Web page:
British Prime Minister Tony Blair said there is no question that Iraq has failed to cooperate with U.N. weapons inspectors. Because of this, he says, the final phase of the showdown over Iraq's weapons of mass destruction has begun.
The prime minister came to parliament to brief lawmakers on his meeting with President Bush last Friday in Washington.
He said the evidence from U.N. weapons inspectors is mounting that Iraq has not accounted for vast stores of prohibited weapons, including nerve gas, biological agents, and warheads.
Mr. Blair said the 12-year effort to get Iraqi President Saddam Hussein to give up his arsenal of weapons of mass destruction is entering, what he called, "the final phase."
"Eight-weeks have now passed since Saddam was given his final chance. Six hundred weeks have passed since he was given his first chance. The evidence of cooperation withheld is unmistakable," Mr. Blair said.
The British prime minister said he and President Bush discussed the desirability of getting the U.N. Security Council to pass another resolution that could authorize military force if the U.N. inspectors continue to report problems.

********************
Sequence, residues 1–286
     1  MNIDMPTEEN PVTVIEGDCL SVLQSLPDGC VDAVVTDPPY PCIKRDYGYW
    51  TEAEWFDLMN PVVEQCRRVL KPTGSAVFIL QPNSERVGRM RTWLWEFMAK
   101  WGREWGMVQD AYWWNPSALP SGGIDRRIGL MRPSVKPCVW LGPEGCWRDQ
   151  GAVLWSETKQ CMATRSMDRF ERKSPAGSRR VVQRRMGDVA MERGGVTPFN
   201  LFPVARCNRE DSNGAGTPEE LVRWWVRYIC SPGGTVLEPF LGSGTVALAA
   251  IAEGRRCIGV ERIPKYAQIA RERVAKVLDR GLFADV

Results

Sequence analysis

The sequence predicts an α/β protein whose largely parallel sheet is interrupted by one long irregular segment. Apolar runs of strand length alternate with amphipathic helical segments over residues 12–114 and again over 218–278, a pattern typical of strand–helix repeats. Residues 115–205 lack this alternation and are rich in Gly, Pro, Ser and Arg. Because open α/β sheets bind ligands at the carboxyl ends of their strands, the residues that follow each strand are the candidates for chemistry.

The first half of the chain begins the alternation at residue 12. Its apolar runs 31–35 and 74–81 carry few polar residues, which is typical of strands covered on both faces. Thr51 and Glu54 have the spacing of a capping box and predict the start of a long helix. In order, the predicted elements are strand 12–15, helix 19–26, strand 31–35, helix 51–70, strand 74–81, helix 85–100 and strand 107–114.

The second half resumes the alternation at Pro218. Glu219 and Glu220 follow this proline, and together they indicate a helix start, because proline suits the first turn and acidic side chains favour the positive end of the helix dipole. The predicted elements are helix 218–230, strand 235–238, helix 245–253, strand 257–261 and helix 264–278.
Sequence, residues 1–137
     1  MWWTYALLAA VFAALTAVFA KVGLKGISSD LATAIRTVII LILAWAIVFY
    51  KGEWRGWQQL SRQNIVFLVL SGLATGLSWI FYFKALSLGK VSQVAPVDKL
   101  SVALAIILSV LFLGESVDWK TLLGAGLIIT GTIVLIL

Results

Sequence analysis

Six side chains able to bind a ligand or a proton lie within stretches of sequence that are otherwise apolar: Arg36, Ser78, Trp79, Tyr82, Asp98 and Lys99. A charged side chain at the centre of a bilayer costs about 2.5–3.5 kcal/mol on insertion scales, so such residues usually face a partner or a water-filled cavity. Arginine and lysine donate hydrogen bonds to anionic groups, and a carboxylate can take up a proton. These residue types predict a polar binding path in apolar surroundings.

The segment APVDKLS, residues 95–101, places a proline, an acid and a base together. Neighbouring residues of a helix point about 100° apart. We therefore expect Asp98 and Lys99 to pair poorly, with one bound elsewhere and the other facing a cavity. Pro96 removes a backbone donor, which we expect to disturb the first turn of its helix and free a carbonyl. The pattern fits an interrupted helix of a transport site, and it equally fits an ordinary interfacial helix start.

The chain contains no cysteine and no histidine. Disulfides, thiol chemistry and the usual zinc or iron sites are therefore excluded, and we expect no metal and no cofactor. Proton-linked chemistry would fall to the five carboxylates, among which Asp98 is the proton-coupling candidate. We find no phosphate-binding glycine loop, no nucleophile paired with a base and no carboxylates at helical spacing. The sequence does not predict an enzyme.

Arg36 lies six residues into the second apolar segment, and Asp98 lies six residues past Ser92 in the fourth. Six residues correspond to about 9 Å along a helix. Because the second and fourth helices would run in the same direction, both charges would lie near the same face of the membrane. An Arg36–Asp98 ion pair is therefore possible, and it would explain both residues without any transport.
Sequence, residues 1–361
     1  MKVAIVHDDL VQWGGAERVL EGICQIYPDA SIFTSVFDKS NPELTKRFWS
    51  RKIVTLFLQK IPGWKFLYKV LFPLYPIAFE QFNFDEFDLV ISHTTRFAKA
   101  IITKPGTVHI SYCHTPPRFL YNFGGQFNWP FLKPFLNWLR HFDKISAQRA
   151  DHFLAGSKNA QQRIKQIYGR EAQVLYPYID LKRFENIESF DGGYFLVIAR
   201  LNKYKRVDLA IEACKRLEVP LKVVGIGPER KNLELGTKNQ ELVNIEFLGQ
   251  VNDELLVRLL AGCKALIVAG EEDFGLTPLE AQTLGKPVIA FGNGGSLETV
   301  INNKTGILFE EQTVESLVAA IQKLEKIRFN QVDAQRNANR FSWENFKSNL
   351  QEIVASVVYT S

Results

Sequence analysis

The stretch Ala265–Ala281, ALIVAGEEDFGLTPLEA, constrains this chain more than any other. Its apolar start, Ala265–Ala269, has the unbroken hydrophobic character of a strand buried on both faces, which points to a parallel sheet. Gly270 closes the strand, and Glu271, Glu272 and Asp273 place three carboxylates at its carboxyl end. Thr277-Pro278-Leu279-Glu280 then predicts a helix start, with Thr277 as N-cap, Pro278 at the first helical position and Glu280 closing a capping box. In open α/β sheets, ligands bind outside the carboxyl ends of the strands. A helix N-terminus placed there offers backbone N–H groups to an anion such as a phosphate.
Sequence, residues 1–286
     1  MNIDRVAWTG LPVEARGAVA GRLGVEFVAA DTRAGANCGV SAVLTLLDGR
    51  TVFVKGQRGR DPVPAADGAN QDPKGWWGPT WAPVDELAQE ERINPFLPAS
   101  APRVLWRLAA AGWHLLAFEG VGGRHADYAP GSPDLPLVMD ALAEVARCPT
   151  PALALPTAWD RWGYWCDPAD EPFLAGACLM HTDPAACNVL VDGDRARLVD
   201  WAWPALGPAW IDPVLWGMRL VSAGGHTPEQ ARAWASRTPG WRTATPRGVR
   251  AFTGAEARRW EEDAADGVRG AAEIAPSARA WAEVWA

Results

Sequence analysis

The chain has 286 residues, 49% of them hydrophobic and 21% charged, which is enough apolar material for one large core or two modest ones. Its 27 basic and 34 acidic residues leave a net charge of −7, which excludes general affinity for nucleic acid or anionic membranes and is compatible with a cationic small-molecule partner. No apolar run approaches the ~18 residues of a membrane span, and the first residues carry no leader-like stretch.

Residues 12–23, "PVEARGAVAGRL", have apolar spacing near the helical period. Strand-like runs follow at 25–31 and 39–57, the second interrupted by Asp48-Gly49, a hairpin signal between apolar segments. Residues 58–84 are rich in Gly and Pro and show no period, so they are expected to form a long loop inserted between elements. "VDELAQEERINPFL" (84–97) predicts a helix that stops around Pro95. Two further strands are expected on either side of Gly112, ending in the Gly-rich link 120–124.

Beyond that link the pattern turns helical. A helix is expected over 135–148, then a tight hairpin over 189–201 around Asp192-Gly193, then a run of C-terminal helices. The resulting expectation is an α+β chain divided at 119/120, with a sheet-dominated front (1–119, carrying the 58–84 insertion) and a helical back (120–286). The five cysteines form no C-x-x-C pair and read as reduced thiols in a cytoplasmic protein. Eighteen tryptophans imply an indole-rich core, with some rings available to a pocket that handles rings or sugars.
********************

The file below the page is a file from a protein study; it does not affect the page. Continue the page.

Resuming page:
"President Bush and I agreed that we should seek maximum support for such a resolution, provided as ever, that seeking such a resolution is a way of resolving the issue, not delaying or avoiding dealing with it at all," Mr. Blair said.
He spoke a day ahead of a summit he is going to have with French President Jacques Chirac, who is resisting the idea of using military force against Iraq at this time. France holds veto power on the Security Council.
Meanwhile, the British defense ministry said a Royal Air Force deployment to the Persian Gulf region will be announced soon. British media say at least 60 aircraft could be involved.
Britain is sending 35,000 troops to the area, along with its biggest naval task force in 20 years.